WR – Texas A&M
5’10” 201 lbs
CBS Sports: #18 WR (#129 overall)
NFL.com: #7 WR
NFL Draft Scout: #3 WR (#32 overall)
Bleacher Report: #3 WR (#39 overall)
Analysis: Kirk played as a slot receiver and kick returner for Texas A&M. He fits right into the size mold that the Steelers seem to love for WRs (5’10” and around 190 lbs). He has great short-area quickness and is able to maintain speed through his cuts. He can get separation in close areas and excelled both in the slot and as a kick returner. He is hailed as a high-character player with a positive attitude – something the Steelers have made a focus of the last few years. He is not an elite athlete but can be explosive out of his breaks. He was a 3-year starter at Texas A&M and has been a fixture of the Aggies offense since his true freshman season when he had over 1000 receiving yards. He scored 12 times (including 3 punt returns) as a sophomore and was first-team All-SEC at 3 different positions. As a junior he scored 7 receiving TDs, a punt return TD and a kickoff return TD and capped off his career with a monster bowl game against Wake Forest.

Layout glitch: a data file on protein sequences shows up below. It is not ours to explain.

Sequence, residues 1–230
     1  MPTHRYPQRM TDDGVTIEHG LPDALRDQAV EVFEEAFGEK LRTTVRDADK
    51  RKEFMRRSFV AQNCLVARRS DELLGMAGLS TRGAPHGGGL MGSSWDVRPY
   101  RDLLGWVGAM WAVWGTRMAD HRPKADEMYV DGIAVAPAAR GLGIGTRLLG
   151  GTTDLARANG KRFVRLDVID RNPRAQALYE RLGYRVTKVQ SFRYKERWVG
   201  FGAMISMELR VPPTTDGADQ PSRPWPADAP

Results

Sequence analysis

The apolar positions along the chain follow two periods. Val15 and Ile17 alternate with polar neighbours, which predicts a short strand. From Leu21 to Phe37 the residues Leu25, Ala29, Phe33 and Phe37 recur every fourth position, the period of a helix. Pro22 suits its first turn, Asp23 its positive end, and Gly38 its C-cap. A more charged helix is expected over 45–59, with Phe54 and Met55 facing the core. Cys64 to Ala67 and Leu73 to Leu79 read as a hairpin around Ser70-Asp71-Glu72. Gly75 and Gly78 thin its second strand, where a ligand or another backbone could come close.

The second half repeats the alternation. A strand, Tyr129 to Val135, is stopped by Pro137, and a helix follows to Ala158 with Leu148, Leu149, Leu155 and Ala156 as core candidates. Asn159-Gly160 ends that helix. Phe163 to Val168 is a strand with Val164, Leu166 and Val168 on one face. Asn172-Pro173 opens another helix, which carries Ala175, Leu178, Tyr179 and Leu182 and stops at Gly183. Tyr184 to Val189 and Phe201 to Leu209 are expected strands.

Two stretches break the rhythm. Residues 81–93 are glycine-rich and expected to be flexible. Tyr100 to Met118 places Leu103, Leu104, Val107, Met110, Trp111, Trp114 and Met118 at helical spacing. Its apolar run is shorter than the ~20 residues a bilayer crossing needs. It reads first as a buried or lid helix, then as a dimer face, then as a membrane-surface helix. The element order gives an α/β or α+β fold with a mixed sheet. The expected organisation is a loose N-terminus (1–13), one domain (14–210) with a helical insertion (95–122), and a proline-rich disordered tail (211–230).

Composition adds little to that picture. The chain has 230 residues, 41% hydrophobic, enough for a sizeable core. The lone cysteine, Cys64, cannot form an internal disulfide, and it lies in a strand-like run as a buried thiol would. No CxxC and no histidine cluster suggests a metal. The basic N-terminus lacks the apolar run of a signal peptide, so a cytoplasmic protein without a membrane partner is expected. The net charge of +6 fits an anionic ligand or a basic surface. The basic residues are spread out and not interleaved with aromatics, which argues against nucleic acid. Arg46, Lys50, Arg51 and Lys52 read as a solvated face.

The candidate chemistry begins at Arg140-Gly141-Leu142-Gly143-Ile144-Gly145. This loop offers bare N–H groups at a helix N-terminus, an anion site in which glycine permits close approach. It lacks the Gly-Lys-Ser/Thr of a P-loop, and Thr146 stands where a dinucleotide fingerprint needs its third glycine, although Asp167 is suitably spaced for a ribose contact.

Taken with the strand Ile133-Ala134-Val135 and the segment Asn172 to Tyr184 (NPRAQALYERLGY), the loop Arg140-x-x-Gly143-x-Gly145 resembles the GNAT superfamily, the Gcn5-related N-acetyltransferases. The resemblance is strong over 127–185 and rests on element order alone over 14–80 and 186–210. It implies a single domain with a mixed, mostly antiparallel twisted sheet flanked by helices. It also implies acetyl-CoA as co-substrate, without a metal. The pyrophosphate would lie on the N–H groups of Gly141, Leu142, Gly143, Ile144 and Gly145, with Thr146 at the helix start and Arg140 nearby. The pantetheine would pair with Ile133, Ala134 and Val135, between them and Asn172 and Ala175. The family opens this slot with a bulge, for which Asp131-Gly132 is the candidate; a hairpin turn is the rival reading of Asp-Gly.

DT – LSU
6’3″ 305 lbs
SPARQ: insufficient data
RAS: insufficient data
CBS Sports: unranked
NFL.com: #32 DT
NFL Draft Scout: #26 DT (#294 overall)
Bleacher Report: #37 DT (#369 overall)
Citrus Bowl vs Notre Dame (2 tackles, 1 sack)
Analysis: Gilmore is a run-stuffing nose tackle and seemingly fits the mold of what the Steelers are looking for at the position. On Episode 67 of the Steel City Blitz podcast, we discussed the Steelers needs on the defensive line are for a hunker-down two-gapping plugger at nose tackle. Javon Hargrave is an effective penetrator but can get blown off the ball in run downs. What the Steelers need is someone who can stand their ground and bull rush their way into blowing up plays. Gilmore projects as a late-round pick or undrafted free agent, but could replace Daniel McCullers in the lineup and likely see 10 snaps per game in obvious run down scenarios. Gilmore flashed some playmaking ability during his senior season with 53 tackles, 10 TFLs, and 7.5 sacks.